Senior figures at Save the Children US . . . demanded the withdrawal of the criticism and an effective veto on any future statements blaming the invasion for the plight of Iraqi civilians suffering malnourishment and shortages of medical supplies.


A affair which surely needs no further commentary.

I’ve often thought that the bigger and more established humanitarian and human rights NGOs don’t come in for anywhere near as much scrutiny from the liberal-left as they should. They kop an awful lot of criticism from the right, but it seems to me that for a section of the liberal-left,  their research carries an air of unimpeachable neutrality and unquestionable moral probity.

And i’m not saying they don’t do some good work. But at the very least, their output helps to shape popular attitudes towards matters of war, peace and governance in general, and should be engaged with more critically for that reason.

I’ve also often thought that an analytical model similar to – if distinct from in some important respects – the one Noam Chomsky and Ed Herman applied to corporate media performance might be useful in assessing NGO performance. What role, if any, does funding, ideology, sourcing, management/ownership and flak play in shaping their output?

For a start, it might help to explain why former officials of the U.S. and U.K. government keep on ending up in positions of power in these organisations.

It would take a bigger brain than mine to undertake such a project – although activists like Keane Bhatt are doing great work in this area – but last night’s utter travesty shows why it would be useful.

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CNN: Obama administration reportedly ‘shifting their strategy’ on Syria to go after Assad.

From an article published by CNN on 13/11/3014:

‘President Barack Obama has asked his national security team for another review of the U.S. policy toward Syria after realizing that ISIS may not be defeated without a political transition in Syria and the removal of President Bashar al-Assad, senior U.S. officials and diplomats tell CNN.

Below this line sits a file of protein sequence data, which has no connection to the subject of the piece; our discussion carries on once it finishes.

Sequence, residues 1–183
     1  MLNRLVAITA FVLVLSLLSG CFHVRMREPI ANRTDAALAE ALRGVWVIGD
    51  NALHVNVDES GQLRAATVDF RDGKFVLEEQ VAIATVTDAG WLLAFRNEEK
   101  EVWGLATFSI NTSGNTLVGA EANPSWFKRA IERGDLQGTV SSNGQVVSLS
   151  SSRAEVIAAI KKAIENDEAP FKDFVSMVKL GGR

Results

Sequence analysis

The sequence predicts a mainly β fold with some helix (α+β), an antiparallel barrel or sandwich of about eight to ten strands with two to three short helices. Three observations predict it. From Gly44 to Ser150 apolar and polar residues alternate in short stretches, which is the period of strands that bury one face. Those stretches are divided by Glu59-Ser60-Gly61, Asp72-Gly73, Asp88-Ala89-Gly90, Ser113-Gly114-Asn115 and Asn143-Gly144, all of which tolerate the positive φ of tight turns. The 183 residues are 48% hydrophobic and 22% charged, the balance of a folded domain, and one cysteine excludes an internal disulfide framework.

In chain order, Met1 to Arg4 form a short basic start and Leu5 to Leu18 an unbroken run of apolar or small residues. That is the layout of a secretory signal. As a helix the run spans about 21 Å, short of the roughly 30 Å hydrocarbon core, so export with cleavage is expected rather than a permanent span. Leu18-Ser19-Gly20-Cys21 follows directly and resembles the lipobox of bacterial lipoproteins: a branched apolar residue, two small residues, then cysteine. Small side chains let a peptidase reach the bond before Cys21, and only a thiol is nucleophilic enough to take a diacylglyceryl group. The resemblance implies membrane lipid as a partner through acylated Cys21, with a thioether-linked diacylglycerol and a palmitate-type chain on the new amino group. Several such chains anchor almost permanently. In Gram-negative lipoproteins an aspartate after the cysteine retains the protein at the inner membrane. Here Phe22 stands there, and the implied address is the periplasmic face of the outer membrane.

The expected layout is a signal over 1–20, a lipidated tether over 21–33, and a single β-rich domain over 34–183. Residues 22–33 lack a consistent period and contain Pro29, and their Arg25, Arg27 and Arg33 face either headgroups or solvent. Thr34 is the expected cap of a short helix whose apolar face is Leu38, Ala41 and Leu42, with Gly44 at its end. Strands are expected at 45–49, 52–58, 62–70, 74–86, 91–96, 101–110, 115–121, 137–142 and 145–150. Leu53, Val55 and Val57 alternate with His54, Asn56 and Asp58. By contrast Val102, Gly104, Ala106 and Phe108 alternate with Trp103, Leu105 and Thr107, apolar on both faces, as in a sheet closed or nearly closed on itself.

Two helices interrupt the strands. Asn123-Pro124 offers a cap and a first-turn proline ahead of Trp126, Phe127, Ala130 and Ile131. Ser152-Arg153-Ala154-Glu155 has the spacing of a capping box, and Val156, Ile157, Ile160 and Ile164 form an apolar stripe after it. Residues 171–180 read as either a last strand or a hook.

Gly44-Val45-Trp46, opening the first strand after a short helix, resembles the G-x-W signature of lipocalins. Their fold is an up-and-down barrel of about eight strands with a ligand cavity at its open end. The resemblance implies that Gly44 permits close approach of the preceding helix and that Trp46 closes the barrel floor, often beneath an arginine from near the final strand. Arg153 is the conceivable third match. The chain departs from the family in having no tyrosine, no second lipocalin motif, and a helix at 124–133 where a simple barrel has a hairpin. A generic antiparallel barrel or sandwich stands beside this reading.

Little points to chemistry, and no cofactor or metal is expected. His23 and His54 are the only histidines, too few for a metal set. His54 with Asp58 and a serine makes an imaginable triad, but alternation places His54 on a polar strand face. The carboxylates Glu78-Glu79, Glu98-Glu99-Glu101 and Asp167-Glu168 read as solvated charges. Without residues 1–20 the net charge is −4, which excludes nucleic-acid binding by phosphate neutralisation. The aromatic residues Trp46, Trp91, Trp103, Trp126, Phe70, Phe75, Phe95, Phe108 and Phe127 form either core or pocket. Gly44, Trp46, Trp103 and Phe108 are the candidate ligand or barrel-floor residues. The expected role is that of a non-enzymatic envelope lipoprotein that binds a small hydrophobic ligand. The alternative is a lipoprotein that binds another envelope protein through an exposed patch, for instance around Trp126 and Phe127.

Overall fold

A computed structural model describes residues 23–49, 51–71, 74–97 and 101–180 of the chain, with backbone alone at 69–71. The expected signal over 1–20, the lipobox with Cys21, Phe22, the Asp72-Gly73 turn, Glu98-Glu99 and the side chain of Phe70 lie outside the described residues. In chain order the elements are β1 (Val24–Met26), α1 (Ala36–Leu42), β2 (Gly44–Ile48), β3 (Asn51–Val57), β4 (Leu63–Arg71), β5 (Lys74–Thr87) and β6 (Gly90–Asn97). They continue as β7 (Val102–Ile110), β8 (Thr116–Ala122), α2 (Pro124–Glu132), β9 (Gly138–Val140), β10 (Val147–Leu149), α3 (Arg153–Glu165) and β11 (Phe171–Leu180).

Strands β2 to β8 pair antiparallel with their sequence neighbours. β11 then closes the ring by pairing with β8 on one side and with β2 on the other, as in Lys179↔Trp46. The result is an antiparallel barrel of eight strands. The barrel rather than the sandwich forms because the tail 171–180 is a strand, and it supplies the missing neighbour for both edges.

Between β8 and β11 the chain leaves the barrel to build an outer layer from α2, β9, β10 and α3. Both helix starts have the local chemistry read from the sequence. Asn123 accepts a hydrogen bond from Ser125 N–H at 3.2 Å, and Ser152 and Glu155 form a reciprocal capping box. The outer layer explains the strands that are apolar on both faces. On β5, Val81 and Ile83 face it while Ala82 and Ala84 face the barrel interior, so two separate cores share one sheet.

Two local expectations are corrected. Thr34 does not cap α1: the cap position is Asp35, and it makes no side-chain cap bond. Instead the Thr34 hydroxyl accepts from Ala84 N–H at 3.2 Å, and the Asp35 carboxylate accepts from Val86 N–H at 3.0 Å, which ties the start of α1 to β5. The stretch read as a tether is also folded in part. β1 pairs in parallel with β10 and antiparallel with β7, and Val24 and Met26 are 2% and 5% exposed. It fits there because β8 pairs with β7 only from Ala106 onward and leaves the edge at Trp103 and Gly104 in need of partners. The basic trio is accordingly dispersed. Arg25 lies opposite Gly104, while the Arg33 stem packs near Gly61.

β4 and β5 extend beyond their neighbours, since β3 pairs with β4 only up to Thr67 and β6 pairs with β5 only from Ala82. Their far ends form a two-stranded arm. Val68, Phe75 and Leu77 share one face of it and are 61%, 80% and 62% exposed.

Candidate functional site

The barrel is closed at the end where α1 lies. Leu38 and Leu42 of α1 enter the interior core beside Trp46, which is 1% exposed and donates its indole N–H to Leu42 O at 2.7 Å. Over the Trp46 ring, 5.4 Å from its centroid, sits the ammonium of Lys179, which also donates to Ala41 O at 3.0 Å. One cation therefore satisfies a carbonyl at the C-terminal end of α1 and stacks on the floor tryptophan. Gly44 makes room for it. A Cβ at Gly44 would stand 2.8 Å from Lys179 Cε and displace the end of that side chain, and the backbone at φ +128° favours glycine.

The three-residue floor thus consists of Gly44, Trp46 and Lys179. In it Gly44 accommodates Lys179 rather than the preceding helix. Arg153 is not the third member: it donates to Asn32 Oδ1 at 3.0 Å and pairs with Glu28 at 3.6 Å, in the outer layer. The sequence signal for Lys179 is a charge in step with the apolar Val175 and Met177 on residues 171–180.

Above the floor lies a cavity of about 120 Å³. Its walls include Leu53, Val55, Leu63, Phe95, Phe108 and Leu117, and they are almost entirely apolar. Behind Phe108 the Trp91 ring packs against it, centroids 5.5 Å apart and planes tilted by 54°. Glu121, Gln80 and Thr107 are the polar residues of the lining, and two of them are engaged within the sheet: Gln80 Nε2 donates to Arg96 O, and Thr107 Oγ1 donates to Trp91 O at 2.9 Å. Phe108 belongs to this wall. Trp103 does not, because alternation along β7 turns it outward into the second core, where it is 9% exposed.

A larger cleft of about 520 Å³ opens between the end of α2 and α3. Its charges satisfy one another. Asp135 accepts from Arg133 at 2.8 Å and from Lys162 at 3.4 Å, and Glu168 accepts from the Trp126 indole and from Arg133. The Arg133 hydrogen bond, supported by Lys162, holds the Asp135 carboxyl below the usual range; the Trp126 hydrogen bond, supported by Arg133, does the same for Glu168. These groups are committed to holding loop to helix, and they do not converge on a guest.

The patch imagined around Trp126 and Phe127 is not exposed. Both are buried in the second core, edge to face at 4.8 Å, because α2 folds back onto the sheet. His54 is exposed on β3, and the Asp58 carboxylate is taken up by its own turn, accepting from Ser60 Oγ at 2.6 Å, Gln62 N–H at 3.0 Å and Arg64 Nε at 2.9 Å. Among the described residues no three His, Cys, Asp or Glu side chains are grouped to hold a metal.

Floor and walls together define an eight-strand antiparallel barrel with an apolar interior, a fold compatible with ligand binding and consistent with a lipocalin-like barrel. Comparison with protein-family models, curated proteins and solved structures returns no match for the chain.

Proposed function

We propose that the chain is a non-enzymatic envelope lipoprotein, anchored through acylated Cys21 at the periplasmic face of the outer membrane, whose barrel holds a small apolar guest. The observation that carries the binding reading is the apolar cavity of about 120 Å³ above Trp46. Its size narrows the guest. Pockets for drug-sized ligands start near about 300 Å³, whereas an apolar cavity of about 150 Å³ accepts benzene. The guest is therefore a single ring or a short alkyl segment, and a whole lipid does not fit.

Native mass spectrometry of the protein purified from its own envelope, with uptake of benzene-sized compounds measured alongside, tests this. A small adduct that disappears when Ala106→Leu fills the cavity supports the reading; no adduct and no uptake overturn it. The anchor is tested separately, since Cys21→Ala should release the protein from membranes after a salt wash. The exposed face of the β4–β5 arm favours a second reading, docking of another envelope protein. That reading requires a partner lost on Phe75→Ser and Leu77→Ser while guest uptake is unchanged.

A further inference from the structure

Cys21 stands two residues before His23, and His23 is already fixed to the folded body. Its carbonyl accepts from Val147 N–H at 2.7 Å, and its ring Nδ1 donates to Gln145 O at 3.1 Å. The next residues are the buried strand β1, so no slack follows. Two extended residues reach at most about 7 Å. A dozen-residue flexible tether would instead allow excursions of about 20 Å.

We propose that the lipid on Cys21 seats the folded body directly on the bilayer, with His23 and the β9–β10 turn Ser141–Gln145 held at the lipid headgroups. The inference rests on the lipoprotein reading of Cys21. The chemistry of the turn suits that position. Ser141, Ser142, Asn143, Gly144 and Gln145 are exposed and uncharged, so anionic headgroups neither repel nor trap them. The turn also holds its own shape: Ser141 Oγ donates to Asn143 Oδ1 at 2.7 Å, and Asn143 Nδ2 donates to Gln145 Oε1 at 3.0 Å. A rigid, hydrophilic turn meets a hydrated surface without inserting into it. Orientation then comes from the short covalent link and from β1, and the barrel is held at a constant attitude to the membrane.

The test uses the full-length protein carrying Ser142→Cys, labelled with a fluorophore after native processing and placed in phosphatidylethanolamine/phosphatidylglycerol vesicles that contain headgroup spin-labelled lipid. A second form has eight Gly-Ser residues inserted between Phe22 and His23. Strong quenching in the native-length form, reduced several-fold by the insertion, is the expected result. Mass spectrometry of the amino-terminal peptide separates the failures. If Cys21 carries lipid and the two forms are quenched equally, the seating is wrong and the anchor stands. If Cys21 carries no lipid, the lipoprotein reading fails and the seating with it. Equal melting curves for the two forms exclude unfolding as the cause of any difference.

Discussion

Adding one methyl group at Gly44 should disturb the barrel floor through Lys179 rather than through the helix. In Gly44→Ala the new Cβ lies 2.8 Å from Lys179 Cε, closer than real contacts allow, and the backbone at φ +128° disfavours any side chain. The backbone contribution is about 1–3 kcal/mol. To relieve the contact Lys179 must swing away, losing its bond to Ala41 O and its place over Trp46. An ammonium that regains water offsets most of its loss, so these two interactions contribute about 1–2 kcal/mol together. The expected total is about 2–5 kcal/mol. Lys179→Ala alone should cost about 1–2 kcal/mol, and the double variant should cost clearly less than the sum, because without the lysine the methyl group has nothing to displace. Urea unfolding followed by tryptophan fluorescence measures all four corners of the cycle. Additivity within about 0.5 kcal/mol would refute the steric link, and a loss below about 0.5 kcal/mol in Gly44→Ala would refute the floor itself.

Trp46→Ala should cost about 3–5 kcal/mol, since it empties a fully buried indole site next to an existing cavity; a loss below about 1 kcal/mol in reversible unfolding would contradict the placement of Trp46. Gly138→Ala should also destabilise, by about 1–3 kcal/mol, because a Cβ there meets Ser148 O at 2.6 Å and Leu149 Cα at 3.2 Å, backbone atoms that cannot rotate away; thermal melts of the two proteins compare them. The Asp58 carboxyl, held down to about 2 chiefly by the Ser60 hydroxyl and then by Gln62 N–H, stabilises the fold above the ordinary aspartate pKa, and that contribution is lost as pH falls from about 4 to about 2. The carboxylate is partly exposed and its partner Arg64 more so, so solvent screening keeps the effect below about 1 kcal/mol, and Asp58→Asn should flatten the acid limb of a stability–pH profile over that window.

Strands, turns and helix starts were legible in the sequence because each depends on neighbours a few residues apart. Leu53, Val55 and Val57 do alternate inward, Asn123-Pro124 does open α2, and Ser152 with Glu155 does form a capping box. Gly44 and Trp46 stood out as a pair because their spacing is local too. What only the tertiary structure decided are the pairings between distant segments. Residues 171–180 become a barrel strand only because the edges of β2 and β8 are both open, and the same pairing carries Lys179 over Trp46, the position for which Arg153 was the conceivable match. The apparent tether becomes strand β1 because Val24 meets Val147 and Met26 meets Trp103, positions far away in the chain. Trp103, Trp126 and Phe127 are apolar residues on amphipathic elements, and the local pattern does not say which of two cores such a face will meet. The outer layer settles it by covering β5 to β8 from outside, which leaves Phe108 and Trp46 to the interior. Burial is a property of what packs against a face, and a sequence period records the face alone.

(Emphasis mine)

The article then quotes Alistair Baskey, spokesman for the National Security Council, as saying that:

‘Assad has been the biggest magnet for extremism in Syria, and the President has made clear that Assad has lost all legitimacy to govern. Alongside our efforts to isolate and sanction the Assad regime, we are working with our allies to strengthen the moderate opposition’.

It quotes an anonymous ‘senior official’ as saying:

‘What really tipped this into a more vigorous reassessment was hearing from our coalition partners that they are not convinced by the Syria part and this strategy only works if there is a more coherent Syria piece’.

And then reports that Secretary of State John Kerry has:

‘ . . .in recent months intensified discussions with Saudi Arabia, the United Arab Emirates, Turkey and Russia about the possibility of a diplomatic tract to transition al-Assad and his inner circle out of power, while maintaining large parts of the regime and institutions of the state’.

(Emphasis mine)

So then, we are to believe that after months of dallying and half-measures, the Obama regime are finally waking up to the fact that, to defeat ISIS, you have to get rid of Assad, who is the ‘magnet for extremism’.

But what if, as some of us have long suspected, the Assad regime was the target all along? That ISIS are only seen as a problem in Syria to the extent that they present a major threat to a settlement that is favourable to U.S. interests emerging when Assad falls?

(And let’s not pretend that U.S. policy towards Syria is driven by anything other than a desire to further their economic and strategic interests. All that stuff about democracy and human rights is patent nonsense, given their track record)

If that is the case, then articles like this one – full of off-the-record briefings from Obama regime officials – shouldn’t be seen as signalling any kind of sea change in strategy.

They should instead be seen as the first, tentative steps towards preparing state-corporate media and public opinion to accept the long planned move against Assad (to the point where eventually, it’ll just be forgotten that Assad being the target was ever in doubt).

The idea that ISIS are uniquely and supremely evil and need to be vanquished is now well established in state-corporate media and (to a lesser extent) popular discourse.

And if it takes getting rid of Assad to defeat ISIS, then who could possibly object?